I Spent 2 Nights at the Hospital After Having Sex for the First Time

They say you’ll always remember your first

Sumaiya Ahmed
Words Unfiltered by S
5 min readJan 20, 2021


Photo by Dainis Graveris on Unsplash

Trigger warning: sexual injury

I was 17 the first time I had sex and it was a complete disaster.

I should’ve known doing it with my ex boyfriend from school, the one who’d ghosted me on multiple occasions whenever he wanted to (which was all the time), was a terrible idea. But I was clouded by that ‘first love’ blindness; still enamoured with him, four years after we’d met, dated and broken up more times than I could count in a two year period.

We effectively called it quits after that two year mark, saying we’d be better off as friends. But we never were. Sometime between agreeing to be friends and getting ghosted, yet again, and rekindling that spark, even though he had a girlfriend, we met up at a hotel room. I wasn’t ready for sex, not at all, but I thought hey, maybe he’ll stay in my life this time.

I remember that it was the 12th January, partly because it’s Zayn Malik’s birthday, and partly because the godawful sex made the room look like a murder had occurred. Maybe, I thought at the time, this happened because I’d been brought up to believe sex was something that only happened in a marriage, to create children and I went against everything I’d been taught. The very idea of even wanting to have sex was seen as something to be ashamed of, a secret to bury under layers of innocence and purity in the eyes of a culture staking it’s claim in whether a girl is a virgin or not. Because, in this culture, that is where our worth and very essence of our being lies.

Downhill From Here

That day, we met up at a hotel local to him and talked as we waited for the room key. I remember we spoke about education and future aspirations, but I don’t remember any of what was said. I remember how I felt: awkward, uncomfortable, nervous, jittery. None of which were good feelings, or even a sign that I was even remotely ready to lose my socially-constructed virginity.

Everything else is hazy, from when we got to the room, until the pain set in. It was a sharp, tearing pain in my vagina (bare in mind, this was without any foreplay for me). Instantaneously, I began to bleed. It spread all over the previously pristine white bed sheets and dripped to the carpeted floor. I remember thinking this is going to be hard for them to clean and feeling bad. The pain had disappeared but I just wouldn’t stop bleeding.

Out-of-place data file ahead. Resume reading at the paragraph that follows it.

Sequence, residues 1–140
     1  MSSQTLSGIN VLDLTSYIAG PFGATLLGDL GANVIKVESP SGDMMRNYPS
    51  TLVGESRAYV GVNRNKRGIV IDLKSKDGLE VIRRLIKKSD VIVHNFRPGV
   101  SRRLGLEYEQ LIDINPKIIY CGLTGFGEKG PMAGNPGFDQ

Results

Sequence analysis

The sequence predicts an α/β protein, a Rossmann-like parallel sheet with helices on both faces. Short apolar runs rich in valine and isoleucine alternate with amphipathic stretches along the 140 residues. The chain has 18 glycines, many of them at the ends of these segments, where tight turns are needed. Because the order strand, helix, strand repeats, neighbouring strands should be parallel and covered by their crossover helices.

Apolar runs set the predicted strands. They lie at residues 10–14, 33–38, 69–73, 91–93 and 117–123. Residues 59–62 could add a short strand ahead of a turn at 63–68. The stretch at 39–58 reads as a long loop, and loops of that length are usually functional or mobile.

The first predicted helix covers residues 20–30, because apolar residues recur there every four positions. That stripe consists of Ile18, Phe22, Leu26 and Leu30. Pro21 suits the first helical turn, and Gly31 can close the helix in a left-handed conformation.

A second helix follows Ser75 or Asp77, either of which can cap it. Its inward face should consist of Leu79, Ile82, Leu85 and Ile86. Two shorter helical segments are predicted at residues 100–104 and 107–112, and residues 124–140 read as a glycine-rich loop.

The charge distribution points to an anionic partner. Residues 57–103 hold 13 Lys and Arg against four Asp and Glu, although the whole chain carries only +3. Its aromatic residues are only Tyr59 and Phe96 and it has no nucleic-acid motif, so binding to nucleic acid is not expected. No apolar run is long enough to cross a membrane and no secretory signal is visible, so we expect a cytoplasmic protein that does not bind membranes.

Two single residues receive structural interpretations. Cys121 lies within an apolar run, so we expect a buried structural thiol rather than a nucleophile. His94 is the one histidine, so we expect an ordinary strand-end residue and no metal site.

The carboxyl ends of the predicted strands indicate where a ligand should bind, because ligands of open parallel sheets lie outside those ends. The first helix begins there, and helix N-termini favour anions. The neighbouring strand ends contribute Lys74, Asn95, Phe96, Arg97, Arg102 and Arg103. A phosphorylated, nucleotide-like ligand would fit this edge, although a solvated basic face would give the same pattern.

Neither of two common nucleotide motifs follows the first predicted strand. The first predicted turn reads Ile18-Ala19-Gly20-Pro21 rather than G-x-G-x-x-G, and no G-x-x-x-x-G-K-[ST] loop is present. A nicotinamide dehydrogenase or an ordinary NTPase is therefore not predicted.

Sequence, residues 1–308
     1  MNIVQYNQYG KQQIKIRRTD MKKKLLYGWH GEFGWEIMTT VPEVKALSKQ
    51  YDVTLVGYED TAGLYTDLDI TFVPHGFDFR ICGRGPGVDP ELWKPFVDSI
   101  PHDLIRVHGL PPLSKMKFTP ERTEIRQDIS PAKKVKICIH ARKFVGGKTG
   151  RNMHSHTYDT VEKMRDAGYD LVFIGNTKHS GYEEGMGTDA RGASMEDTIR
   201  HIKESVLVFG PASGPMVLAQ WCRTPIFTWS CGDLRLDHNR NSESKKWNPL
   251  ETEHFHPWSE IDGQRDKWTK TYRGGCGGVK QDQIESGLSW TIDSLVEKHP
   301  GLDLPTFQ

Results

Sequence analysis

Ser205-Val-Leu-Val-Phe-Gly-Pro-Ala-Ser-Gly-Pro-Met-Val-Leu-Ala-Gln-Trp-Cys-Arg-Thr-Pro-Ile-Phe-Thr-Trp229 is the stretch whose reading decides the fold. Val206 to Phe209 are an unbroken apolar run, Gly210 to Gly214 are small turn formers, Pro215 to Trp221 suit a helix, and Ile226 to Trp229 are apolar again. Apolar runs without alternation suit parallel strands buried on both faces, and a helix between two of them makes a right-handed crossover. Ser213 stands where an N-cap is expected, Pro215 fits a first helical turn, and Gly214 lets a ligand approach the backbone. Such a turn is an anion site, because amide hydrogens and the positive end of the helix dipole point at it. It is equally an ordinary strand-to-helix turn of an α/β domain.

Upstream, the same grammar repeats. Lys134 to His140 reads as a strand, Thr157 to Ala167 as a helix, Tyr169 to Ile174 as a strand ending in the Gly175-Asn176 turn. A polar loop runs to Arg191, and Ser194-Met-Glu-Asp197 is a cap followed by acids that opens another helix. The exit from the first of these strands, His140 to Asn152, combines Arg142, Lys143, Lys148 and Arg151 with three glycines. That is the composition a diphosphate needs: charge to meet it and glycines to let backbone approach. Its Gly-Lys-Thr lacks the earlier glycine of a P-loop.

“You didn’t tell me you were on your period,” he said to me, sounding annoyed.

I stared at him. “This isn’t my period.”

“Then why are you bleeding?”

I didn’t know why I was bleeding, but I knew something wasn’t right. And it definitely wasn’t my period. I asked him to buy me some sanitary pads from the local Superdrug, panicking, feeling my heart pounding against my ribcage as if it wanted to get out. My head felt hot and my palms were clammy. I was terrified. I had my hand between my legs and sprinted into the bathroom, running into the shower. I watched as blood continued to fall endlessly.

It was like a waterfall of red, swirling into the drain.

A part of me was scared he wouldn’t come back and I had no idea what to do, how to react. I felt myself feeling dizzy, tingles shooting up and down my arms, my entire body. I was full on panicking.

Even to this day, I remember the feeling clearly: the fear, the queasy anxiousness settling into the pit of my stomach. My mouth was dry and I couldn’t think of anything else other than, my parents are going to kill me.

Between him coming back from Superdrug and calling 111 for me, I’d soaked through ten sanitary pads, even when two were layered together. A few short hours later and after a trip to the walk-in centre and then the emergency room, I was admitted into hospital for a tear on either side of my vaginal walls, both one inch in length.

He’d texted me a curt get well soon, after sending me off to the hospital in a taxi, and I didn’t hear from him again, other than when he’d said it was all my fault and then blocked me on everything.

In the hospital, I was told if the bleeding didn’t stop, after they put a huge gauze into my vagina (it hurt like hell and I cried), then I would have to get surgery. Thankfully, it did stop.

I couldn’t eat for the two nights I was in hospital; I felt nauseous and ended up being sick a couple times. I also had a brief therapy session after the trauma of my first sexual encounter, completely scarred.

Sex isn’t meant to hurt

Now, five years later and in a healthier, happier relationship, I realise that I had never been completely prepared for sex. I knew everything sex entailed, but I thought first time sex was meant to hurt. I did know it didn’t require a hospital stay or vaginal tears. But I didn’t know I didn’t have to engage in the act when it wasn’t something I genuinely wasn’t ready for, simply because I felt like it was the only way to keep whatever semblance of a whatever-it-was alive, even though it was long broken and he was never a good guy for me.

It was a learning experience; one that taught me foreplay, especially for a person with a vagina, is a must. Too often, men rush into sex, thinking a few quick kisses and fondling the breasts will get her wet, and hurry to penetration and then it’s over. Sex goes far beyond that and it’s something I wish 17-year-old me had known.



Sumaiya Ahmed
Words Unfiltered by S

Sumaiya Ahmed is a freelance journalist and contemporary romance author, specialising in sex & relationships, PCOS, and mental health. ko-fi.com/sumaiyaahmed